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by Brice Obermeyer

Author: Brice Obermeyer
Subcategory: Social Sciences
Language: English
Publisher: University of Nebraska Press (December 1, 2009)
Pages: 340 pages
Category: Politics
Rating: 4.7
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Brice Obermeyer details the Delawares’ struggle for self-determination, revealing important .

Brice Obermeyer details the Delawares’ struggle for self-determination, revealing important insights into the process and politics of federal recognition. This perceptive ethnography of a tribe trying to assert its right to sovereignty and its independence from a larger and more powerful tribe complicates accepted notions of how the federal recognition process works and the effects it has on tribal members and tribal relations. Although many tribes exist today as constituent parts of a larger American Indian tribe, Delaware Tribe in a Cherokee Nation is the first book to study this phenomenon.

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The Delaware Tribe of Oklahoma is an American Indian tribe currently incorporated as part of the larger Cherokee Nation. Originally from the Hudson and Delaware River valleys, the Delawares are neither socially nor historically related to the Cherokees and were incorporated with them simply because they were forced to move to the Cherokee Nation in 1867.

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Delaware Tribe in a Cherokee Nationis an ethnographic study of the Delaware Tribe and its struggle for federal recognition and political separation from the larger Cherokee Nation. Brice Obermeyer details the Delawares' struggle for self-determination, revealing important insights into the process and politics of federal recognition. This perceptive ethnography of a tribe trying to assert its right to sovereignty and its independence from a larger and more powerful tribe complicates accepted notions of how the federal recognition process works and the effects it has on tribal members and. Brice Obermeyer details the Delawares’ struggle for self-determination, revealing important insights into the process and politics of federal recognition.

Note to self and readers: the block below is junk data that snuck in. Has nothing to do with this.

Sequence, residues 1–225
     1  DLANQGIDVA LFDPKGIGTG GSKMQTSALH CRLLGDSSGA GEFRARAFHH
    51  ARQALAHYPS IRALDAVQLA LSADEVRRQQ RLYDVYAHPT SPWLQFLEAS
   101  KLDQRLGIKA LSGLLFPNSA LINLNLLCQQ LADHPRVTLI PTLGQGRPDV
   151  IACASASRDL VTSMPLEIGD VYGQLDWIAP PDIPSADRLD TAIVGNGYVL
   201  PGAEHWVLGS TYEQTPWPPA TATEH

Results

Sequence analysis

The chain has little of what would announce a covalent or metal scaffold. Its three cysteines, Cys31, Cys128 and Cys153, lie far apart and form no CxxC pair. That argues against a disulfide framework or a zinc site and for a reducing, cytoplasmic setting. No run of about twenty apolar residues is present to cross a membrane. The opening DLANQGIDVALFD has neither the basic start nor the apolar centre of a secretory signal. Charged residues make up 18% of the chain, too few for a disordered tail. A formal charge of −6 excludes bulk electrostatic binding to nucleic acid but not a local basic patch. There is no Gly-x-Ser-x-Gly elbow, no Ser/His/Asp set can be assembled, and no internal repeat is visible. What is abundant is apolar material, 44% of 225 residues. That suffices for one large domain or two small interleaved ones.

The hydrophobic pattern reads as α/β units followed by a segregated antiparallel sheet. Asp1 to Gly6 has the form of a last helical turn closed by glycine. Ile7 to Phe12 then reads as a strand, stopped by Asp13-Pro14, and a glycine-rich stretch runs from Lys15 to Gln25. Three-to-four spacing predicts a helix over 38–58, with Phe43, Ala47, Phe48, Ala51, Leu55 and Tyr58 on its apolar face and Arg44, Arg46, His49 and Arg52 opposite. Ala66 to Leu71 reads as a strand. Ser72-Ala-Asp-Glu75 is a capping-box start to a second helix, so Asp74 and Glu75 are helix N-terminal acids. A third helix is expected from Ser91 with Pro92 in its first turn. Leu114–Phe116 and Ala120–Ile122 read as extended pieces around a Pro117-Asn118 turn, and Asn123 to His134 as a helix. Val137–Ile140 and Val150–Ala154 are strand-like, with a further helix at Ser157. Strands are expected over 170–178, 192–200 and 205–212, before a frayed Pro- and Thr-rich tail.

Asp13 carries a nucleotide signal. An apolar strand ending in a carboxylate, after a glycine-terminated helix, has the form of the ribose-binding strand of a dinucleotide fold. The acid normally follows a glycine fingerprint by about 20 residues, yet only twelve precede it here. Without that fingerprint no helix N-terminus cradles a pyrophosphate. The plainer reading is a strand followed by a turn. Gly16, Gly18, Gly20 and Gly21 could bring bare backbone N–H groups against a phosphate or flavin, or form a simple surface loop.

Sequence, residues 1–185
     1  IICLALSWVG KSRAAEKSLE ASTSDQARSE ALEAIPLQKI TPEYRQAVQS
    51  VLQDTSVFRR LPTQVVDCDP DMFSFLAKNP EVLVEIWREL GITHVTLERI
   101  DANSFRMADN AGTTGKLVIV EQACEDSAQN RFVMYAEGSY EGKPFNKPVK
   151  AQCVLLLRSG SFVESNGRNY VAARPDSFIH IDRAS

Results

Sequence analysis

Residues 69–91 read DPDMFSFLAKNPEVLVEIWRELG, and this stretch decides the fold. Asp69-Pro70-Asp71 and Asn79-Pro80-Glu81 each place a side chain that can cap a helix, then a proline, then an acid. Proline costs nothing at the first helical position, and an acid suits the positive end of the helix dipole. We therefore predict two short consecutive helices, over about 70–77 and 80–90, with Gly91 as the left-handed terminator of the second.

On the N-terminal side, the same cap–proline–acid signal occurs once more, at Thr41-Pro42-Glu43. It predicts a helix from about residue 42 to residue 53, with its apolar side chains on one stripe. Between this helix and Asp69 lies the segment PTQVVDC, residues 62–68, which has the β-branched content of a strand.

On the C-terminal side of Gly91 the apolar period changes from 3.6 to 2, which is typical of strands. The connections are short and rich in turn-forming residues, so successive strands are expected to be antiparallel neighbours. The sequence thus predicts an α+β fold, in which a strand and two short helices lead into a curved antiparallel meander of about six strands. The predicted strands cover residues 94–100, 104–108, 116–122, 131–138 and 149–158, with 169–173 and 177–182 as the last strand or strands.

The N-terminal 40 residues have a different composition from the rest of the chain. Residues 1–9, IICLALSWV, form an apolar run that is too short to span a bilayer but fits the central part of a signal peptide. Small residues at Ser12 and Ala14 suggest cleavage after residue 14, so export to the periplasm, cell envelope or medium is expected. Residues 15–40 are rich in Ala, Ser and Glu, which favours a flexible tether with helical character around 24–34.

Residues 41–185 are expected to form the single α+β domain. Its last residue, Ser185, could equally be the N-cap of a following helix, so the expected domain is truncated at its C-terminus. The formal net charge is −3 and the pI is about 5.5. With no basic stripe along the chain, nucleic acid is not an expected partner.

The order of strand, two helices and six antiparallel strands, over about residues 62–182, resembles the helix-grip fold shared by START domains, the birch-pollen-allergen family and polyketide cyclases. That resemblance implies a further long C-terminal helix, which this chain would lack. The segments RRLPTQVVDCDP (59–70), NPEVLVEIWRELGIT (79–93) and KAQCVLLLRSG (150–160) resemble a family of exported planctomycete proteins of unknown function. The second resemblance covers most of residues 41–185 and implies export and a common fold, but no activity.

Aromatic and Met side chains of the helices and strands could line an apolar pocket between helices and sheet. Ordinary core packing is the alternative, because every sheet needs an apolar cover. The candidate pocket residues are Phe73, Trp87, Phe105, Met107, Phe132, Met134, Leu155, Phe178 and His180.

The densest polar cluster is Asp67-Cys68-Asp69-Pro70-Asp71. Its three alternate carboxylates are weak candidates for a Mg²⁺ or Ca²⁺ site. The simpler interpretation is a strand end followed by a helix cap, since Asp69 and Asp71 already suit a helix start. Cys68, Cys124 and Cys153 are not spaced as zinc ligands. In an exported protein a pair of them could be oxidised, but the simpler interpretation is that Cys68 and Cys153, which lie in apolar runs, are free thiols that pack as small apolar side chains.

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Knapke said in an interview at the museum, One of our goals is appreciation for what the Native Americans sacrificed here on the grounds, what a great victory they had here because of the strategies they used"

Knapke said in an interview at the museum, One of our goals is appreciation for what the Native Americans sacrificed here on the grounds, what a great victory they had here because of the strategies they used". While the remains of the soldiers under the commands of St. Clair and Wayne during the two battles lie beneath the 101-foot-tall monument in Fort Recovery, the skull and bones of a Native American remained in a display case at the town museum until the 1980s.

Keywords: Delaware, leadership, Lincoln, ISBN, literary, poems, Gunn, Obermeyer, Brice, Cherokee.

The Delaware Tribe of Oklahoma is an American Indian tribe currently incorporated as part of the larger Cherokee .

The Delaware Tribe of Oklahoma is an American Indian tribe currently incorporated as part of the larger Cherokee Nation. Originally from the Hudson and Delaware River valleys, the Delawares are neither socially nor historically related to the Cherokees and were incorporated with them simply because they were forced to move to the Cherokee Nation in 1867. The Delawares never assimilated into Cherokee society and culture and today seek federal recognition as a separate tribe to protect their particular cultural and political identity. However, Delaware efforts to achieve federal recognition are complicated by the Cherokee Nation, which does not support Delaware independence as it could potentially compromise Cherokee jurisdiction. Delaware Tribe in a Cherokee Nation is an ethnographic study of the Delaware Tribe and its struggle for federal recognition and political separation from the larger Cherokee Nation. Brice Obermeyer details the Delawares’ struggle for self-determination, revealing important insights into the process and politics of federal recognition. This perceptive ethnography of a tribe trying to assert its right to sovereignty and its independence from a larger and more powerful tribe complicates accepted notions of how the federal recognition process works and the effects it has on tribal members and tribal relations. Although many tribes exist today as constituent parts of a larger American Indian tribe, Delaware Tribe in a Cherokee Nation is the first book to study this phenomenon in Native North America.